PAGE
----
7. Kubrick? A humanist? This is the guy who directed Lolita and the Shining and Eyes Wide Shut and A Clockwork Orange. Are you sure you would call him a humanist? Did you not see the ending of Full Metal Jacket? Are you not aware that he destroyed the world at the end of Dr. Strangelove? I think Duchamp and Kubrick share much by way of subversiveness and irony, but Kubrick focused on subverting or satirizing humanity whereas Duchamp focused on subverting and satirizing art. One big difference is that Duchamp's work is bolstered by a clever but relatively cheap intellectualism whereas Kubrick's is bolstered by genius.

    When you called Kubrick a wry humanist perhaps you were getting him mixed up with Vittorio De Sica? Or maybe Ron Howard. That's it. You must have been thinking about Ron Howard. I didn't know Ron Howard played chess.

  8. Look, there's a different between an anti-humanist and an embittered humanist. I've always taken Kubrick for the latter. He seems to me deeply sensitive to cruelty, even fascinated by cruelty, but always in the context of a shattered disappointment in what men make of their lot. Just because he can laugh at suffering, and accept the inevitability of suffering, doesn't make him less outraged at suffering, and thus, outraged at the indifferent tragedy of the universe.

    But look, this is an *art* blog. Maybe you want to start a *film* blog, and I can come over there and write a bunch of comments. Whaddaya think of that? How does that strike ya?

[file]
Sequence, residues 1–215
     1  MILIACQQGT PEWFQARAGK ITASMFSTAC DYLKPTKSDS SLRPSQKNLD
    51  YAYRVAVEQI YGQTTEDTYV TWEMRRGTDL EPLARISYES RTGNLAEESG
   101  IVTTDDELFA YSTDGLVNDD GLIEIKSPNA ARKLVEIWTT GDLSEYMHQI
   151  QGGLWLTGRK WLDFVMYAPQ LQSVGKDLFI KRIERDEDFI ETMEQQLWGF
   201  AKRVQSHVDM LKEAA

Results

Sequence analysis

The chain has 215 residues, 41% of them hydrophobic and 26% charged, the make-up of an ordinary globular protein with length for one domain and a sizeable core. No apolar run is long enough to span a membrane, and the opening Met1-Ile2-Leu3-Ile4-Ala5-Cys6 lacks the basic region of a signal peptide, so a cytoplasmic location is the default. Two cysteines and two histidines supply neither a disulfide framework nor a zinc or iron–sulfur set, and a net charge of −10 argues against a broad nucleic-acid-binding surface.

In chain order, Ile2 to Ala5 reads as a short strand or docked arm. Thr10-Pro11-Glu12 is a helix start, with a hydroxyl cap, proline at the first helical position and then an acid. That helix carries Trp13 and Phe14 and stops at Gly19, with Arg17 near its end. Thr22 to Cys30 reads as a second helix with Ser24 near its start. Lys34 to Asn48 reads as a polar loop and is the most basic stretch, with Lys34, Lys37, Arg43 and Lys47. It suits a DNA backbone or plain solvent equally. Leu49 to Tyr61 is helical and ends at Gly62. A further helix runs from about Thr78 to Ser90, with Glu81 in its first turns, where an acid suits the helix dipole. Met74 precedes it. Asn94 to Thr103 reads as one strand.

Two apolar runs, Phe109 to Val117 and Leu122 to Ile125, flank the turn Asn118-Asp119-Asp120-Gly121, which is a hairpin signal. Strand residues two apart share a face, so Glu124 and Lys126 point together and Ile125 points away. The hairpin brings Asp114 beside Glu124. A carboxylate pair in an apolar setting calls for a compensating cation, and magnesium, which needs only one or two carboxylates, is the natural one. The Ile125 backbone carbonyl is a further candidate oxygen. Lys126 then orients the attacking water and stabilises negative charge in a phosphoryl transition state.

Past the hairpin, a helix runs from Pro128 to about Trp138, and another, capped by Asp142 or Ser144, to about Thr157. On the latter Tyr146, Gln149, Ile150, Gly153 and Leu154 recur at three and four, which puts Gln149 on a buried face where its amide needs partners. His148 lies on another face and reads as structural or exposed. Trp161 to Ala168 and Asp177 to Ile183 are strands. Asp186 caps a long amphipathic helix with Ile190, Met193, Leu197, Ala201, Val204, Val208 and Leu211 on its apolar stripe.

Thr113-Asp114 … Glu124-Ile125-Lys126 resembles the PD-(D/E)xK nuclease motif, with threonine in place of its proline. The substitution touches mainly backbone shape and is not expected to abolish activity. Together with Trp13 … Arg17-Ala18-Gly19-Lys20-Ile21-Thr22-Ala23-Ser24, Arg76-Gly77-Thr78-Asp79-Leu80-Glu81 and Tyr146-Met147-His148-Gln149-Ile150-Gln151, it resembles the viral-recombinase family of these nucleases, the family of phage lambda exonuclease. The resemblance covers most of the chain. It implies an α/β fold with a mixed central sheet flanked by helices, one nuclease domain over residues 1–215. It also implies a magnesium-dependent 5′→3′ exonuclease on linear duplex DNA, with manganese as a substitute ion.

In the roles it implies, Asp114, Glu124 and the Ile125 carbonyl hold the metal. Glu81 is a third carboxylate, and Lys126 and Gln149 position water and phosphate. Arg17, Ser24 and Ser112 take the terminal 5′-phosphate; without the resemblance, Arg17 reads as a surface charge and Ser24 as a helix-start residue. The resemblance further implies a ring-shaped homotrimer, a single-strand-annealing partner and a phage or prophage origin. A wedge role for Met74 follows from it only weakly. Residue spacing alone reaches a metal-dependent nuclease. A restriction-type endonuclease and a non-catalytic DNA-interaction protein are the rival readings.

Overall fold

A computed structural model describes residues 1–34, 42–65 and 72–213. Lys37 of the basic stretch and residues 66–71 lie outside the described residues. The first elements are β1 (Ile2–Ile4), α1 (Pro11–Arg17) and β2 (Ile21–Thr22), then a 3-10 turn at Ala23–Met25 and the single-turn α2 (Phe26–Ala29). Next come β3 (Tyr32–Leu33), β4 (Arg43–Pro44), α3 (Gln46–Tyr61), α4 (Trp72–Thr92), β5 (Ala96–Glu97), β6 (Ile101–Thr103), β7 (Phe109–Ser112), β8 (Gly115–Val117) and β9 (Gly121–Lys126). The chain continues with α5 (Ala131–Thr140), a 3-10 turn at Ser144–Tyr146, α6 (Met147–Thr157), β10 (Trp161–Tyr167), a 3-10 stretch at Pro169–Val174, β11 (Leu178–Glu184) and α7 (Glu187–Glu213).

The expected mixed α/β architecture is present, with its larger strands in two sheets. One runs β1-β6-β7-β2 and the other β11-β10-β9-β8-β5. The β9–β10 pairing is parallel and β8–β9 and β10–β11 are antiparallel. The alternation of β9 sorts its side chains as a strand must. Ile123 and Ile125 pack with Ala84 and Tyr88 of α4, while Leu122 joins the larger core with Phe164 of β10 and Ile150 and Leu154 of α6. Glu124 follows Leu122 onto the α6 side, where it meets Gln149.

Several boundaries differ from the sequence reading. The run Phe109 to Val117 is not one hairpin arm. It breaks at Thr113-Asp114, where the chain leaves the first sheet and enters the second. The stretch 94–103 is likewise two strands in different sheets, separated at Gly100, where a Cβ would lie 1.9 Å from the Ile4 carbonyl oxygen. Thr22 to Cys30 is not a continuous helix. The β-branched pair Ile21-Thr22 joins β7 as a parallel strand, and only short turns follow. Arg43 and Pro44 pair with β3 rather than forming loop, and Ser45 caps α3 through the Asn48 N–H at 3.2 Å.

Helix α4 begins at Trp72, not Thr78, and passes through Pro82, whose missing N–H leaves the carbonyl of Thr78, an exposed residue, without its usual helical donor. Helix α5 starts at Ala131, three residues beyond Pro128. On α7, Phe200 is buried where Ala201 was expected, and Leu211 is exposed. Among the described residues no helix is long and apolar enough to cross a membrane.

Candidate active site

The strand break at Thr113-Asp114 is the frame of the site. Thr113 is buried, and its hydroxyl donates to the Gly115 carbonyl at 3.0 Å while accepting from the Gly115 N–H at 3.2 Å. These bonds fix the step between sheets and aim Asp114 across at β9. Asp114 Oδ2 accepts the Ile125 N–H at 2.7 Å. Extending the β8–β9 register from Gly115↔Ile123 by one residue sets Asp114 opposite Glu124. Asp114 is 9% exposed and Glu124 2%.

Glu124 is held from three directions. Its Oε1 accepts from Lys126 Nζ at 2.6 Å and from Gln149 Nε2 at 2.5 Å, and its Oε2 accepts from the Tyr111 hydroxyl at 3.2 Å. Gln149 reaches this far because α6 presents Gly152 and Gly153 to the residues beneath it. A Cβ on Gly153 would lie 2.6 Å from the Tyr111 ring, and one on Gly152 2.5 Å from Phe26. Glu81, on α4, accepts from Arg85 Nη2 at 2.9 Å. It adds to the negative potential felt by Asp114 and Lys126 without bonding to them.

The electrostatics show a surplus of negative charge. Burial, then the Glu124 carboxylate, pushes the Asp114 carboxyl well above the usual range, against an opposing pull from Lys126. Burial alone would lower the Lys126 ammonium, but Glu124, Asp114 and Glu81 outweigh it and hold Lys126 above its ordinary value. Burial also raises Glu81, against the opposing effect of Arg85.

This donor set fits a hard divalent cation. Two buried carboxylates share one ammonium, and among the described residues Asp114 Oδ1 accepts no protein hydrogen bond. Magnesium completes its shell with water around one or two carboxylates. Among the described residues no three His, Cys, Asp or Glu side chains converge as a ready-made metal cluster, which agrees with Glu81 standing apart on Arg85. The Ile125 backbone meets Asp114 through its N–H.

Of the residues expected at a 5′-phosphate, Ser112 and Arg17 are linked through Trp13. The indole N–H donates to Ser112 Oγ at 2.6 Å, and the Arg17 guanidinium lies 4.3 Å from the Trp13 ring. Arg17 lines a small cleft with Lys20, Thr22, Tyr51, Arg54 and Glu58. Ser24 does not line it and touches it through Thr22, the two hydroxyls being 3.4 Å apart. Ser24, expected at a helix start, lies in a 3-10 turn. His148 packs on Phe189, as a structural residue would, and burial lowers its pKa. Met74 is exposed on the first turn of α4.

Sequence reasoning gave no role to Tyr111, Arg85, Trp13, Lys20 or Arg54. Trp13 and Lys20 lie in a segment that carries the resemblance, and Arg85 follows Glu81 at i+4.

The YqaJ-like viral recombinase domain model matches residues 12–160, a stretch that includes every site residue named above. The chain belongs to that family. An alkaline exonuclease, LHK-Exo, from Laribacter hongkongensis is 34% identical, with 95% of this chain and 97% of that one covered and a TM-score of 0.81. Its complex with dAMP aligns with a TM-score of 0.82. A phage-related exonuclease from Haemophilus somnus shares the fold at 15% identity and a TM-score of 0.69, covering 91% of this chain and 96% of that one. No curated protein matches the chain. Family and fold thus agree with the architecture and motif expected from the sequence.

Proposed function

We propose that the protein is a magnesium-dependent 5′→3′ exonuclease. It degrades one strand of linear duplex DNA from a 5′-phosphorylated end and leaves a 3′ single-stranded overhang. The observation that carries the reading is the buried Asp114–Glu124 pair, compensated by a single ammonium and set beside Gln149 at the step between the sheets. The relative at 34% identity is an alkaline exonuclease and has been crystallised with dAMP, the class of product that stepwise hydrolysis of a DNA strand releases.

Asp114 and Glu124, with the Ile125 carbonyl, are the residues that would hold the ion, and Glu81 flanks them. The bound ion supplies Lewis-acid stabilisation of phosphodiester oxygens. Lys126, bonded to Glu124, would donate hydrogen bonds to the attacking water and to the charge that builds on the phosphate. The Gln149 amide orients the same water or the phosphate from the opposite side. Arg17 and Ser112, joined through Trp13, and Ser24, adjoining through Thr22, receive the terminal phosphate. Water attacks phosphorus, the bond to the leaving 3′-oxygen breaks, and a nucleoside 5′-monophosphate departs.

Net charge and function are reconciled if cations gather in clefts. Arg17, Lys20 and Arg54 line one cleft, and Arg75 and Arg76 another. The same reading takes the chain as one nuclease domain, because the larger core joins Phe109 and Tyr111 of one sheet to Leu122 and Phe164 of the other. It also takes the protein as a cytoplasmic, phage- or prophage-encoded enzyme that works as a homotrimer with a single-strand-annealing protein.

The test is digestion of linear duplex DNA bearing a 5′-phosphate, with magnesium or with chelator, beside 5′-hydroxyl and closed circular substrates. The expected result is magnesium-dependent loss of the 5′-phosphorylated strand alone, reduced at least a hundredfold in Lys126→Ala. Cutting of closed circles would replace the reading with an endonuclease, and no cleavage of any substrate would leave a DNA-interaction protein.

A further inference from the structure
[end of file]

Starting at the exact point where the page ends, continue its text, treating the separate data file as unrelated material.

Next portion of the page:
9. You will notice I wrote "different" instead of "difference" there. This is because I am an illiterate cretin.

  10. For me there is another aspect to Duchamp's readymades, the urinal and the bicycle wheel and the bottle rack. They are wonderful, aesthetically beautiful things that we just wouldn't even notice if Duchamp had not isolated them and put them on a pedestal. It is art not because Duchamp says so, but because he saw it with the artist's eye. Communicating the experience of the artist's way of seeing something is a huge part of what art is about, and when you see it this way it doesn't violate axiom 1 at all; in fact, it fulfills it perfectly. He selects something and arranges it and makes it sculpture. Is this so different from a fine art photographer who sees something wondrous and uses her craft to make an image that conveys the experience of wonder in the found object?